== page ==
He was huge, and he was clearly a highly-trained fighter. But Oscar was forgetting one thing: I was huge, too. I was highly trained. All he’d done was set two meteors hurtling toward each other, sending them on a collision course, and the impact when Zeth and I finally clashed was going to leave a crater in the middle of New York City, a mile wide and a mile deep.
Callie Hart (Freaks (Dirty Nasty Freaks, #3))
While much of the world is just now rapidly urbanising and coming to grips with its repercussions, over 75 percent of Europeans already live in cities, and dense ones at that. Paris has a density of 56,000 people per square mile (21,500 per square km), while New York City, the most densely settled US city, has less than half that amount. In fact, in spite of the many high-rise towers over Manhattan, the greater New York metropolitan area falls well behind the densities even of smaller European cities such as Athens, Munich and Lyon.
Lukas Neckermann (Smart Cities, Smart Mobility: Transforming the Way We Live and Work)
The “city” of Kangbashi, for instance, sits on the edge of the Inner Mongolian desert. It was built from scratch in 2004. Architecturally speaking, it’s impressive, or at least ambitious. It features a meticulously landscaped central plaza more than a mile in length, along which sits a library shaped like a trio of enormous shelved books, a museum shaped like a cross between a peanut and a bronze beanbag, and an art gallery vaguely modeled on a pair of yurts. Wide avenues lead to shopping malls, hotels, and high-rise housing developments. The city was built to house more than a million residents. But when I was there in spring of 2016, it held barely one-tenth that number.
Vince Beiser (The World in a Grain: The Story of Sand and How It Transformed Civilization)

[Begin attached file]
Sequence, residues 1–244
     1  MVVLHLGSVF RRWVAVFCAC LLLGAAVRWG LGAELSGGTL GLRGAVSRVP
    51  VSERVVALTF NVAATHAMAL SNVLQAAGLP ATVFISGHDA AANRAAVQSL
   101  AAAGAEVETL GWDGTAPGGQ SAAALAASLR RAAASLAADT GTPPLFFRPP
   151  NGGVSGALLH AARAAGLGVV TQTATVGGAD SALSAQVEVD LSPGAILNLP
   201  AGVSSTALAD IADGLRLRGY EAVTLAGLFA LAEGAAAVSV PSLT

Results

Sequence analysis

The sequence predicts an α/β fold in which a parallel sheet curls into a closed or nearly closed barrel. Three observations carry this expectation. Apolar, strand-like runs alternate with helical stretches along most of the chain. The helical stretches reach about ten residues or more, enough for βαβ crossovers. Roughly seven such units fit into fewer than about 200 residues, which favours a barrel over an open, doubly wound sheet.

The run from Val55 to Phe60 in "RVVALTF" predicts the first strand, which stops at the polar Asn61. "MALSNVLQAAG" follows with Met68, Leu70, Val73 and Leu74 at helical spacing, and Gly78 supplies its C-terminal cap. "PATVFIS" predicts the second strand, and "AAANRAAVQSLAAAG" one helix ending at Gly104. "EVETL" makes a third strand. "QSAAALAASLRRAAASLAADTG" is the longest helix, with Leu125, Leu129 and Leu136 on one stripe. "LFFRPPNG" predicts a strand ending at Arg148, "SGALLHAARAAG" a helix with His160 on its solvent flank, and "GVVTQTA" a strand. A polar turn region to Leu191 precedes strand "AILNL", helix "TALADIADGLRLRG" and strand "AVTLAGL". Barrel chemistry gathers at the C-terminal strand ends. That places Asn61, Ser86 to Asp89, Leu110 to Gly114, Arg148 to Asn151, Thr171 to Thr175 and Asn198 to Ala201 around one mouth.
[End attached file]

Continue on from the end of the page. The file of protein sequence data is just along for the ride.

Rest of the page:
All beauty calls you to me, and you seem” All beauty calls you to me, and you seem, Past twice a thousand miles of shifting sea, To reach me. You are as the wind I breathe Here on the ship's sun-smitten topmost deck, With only light between the heavens and me. I feel your spirit and I close my eyes, Knowing the bright hair blowing in the sun, The eager whisper and the searching eyes. Listen, I love you. Do not turn your face Nor touch me. Only stand and watch awhile The blue unbroken circle of the sea. Look far away and let me ease my heart Of words that beat in it with broken wing. Look far away, and if I say too much, Forget that I am speaking. Only watch, How like a gull that sparkling sinks to rest, The foam-crest drifts along a happy wave Toward the bright verge, the boundary of the world. I am so weak a thing, praise me for this, That in some strange way I was strong enough To keep my love unuttered and to stand Altho' I longed to kneel to you that night You looked at me with ever-calling eyes. Was I not calm? And if you guessed my love You thought it something delicate and free, Soft as the sound of fir-trees in the wind, Fleeting as phosphorescent stars in foam. Yet in my heart there was a beating storm Bending my thoughts before it, and I strove To say too little lest I say too much, And from my eyes to drive love's happy shame. Yet when I heard your name the first far time It seemed like other names to me, and I Was all unconscious, as a dreaming river That nears at last its long predestined sea; And when you spoke to me, I did not know That to my life's high altar came its priest. But now I know between my God and me You stand forever, nearer God than I, And in your hands with faith and utter joy I would that I could lay my woman's soul. Oh, my love To whom I cannot come with any gift Of body or of soul, I pass and go. But sometimes when you hear blown back to you My wistful, far-off singing touched with tears, Know that I sang for you alone to hear, And that I wondered if the wind would bring To him who tuned my heart its distant song. So might a woman who in loneliness Had borne a child, dreaming of days to come, Wonder if it would please its father's eyes. But long before I ever heard your name, Always the undertone's unchanging note In all my singing had prefigured you, Foretold you as a spark foretells a flame. Yet I was free as an untethered cloud In the great space between the sky and sea, And might have blown before the wind of joy Like a bright banner woven by the sun. I did not know the longing in the night-- You who have waked me cannot give me sleep. All things in all the world can rest, but I, Even the smooth brief respite of a wave When it gives up its broken crown of foam, Even that little rest I may not have. And yet all quiet loves of friends, all joy In all the piercing beauty of the world I would give up--go blind forevermore, Rather than have God blot from out my soul Remembrance of your voice that said my name. For us no starlight stilled the April fields, No birds awoke in darkling trees for us, Yet where we walked the city's street that night Felt in our feet the singing fire of spring, And in our path we left a trail of light Soft as the phosphorescence of the sea When night submerges in the vessel's wake A heaven of unborn evanescent stars.